Others cite this 'celibacy syndrome' as a symptom of recent national disasters; 2011's earthquake, tsunami and radioactive meltdown chief among them. Why run the risk of procreating when the entire country could go up in smoke any minute? Most interesting is the assertion that the Japanese obsession with all things technological has led to it's young peoples inability to form meaningful, loving connections. This for me is the most salient argument, we're constantly being warned about the dangers of living your life online and it's effect on our capacity to interact with real-life human beings, and now here's the proof!
So what can the Japanese do? How can they redress the balance and get their repressed youth fucking again? I have an idea. They need to recreate something that was a rite of passage for virtually every child growing up in Ireland over the past fifty years: the teenage disco. Monitored by a handful of responsible adults - preferably parents of some of those attending – the disco will promise good clean fun for all those present. Upon arrive you're corralled to your section, boys on one side girls on the other. Then the music starts, something soft and slow a bit of Barry Manilow perhaps, and the couplings begin. It worked for us and we were some of the most shy, awkward and self-conscious feckers to ever draw breath. And look at us now! Take note Japan.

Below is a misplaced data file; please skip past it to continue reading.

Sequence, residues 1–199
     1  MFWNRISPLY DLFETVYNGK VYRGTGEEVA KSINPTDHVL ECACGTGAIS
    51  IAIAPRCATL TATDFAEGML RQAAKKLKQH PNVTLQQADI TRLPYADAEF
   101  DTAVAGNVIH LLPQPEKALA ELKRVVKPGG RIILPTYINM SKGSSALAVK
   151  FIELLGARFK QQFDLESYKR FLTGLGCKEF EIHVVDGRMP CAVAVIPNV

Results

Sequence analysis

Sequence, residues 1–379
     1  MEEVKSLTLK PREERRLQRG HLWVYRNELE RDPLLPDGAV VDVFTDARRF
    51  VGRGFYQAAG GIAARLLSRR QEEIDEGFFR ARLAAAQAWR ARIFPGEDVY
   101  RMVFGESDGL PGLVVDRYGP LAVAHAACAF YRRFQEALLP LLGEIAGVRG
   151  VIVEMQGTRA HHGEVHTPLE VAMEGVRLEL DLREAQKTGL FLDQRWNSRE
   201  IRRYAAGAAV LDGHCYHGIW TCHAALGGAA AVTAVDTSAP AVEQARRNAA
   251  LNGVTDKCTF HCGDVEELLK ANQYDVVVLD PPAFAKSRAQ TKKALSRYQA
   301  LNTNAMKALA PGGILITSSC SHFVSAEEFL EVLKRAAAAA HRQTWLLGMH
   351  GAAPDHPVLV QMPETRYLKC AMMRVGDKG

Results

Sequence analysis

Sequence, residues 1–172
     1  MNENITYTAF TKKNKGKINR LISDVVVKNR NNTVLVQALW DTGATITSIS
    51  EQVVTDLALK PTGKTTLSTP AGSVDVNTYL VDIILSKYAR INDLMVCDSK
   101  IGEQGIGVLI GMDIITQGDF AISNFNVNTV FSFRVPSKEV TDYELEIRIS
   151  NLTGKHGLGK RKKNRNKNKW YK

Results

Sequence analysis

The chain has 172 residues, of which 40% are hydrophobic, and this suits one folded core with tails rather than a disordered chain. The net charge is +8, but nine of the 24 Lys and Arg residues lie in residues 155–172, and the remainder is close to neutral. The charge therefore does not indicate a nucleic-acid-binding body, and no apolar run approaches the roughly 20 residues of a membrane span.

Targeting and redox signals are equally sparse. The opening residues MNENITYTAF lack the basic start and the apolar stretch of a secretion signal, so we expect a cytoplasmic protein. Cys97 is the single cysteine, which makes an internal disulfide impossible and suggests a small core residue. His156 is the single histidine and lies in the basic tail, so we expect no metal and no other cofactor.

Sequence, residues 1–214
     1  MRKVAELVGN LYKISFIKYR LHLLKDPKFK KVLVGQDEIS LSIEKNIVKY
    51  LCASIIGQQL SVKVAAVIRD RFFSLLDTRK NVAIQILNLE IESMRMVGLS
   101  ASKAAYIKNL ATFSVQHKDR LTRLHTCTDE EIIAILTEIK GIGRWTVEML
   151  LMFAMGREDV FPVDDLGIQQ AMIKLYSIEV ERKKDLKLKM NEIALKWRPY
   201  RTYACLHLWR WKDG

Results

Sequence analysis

I'd plant a grenade for you
The thought of marriage can be terrifying for a lot of men. It signals many things, the end of their freedom, the start of a life of drudgery, finally having someone to do your cooking and cleaning - and oh yeah their love for a woman or something like that. But you can't escape the inevitable, eventually they will wear you down until you're standing in the church, looking at a priest and thinking “what the fuck am I doing here?” There have been cases where the condemned has wriggled free though, we've all heard tales of the fella who did a runner to the Bahamas; leaving nothing behind but a sobbing bride and her vengeful father.
But now there's a new way of getting out of it, a quick and easy method which allows you to swap a life sentence for a relatively shorter one. Neil McArdle was just like all the rest of us, railroaded into a coupling of which he wanted no part. In an act of true chivalry he conveniently forgot to fill out the relevant forms required to seal his fate: marriage to a Miss Amy Williams. This wasn't enough for Neil though, he had to make sure he'd fucked things up. So instead of telling Amy that he'd botched the paperwork and their big day would have to be postponed he decided to ring the Registry Office and tell them there was a bomb on the premises. That's the spirit Neil she definitely won't want you after this!
And his ingenious plan worked, the wedding was called off and his skin was saved; back to nights out with the lads and the occasional sleepover at her's. Not quite. The call to the registry office was traced and silly ole Neil was charged with communicating with false intent, or in layman's terms 'frightening the shit out of folk for no good reason'. Neil's punishment? A year in prison, now every night will be a night with the lads. But hey at least he doesn't have to worry about getting married anymore. If only. Amy is going to stand by her man, she is still determined to be a bride, his bride, and when he finishes his stint in the clink he won't be a free man for very long.